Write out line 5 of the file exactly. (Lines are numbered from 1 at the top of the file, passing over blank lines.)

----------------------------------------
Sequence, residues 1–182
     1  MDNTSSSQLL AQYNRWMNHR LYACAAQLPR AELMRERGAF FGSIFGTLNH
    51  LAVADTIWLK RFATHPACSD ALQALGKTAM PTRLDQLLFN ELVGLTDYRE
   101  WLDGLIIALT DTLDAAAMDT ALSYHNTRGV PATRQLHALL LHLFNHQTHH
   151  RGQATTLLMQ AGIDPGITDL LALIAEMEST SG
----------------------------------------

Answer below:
   151  RGQATTLLMQ AGIDPGITDL LALIAEMEST SG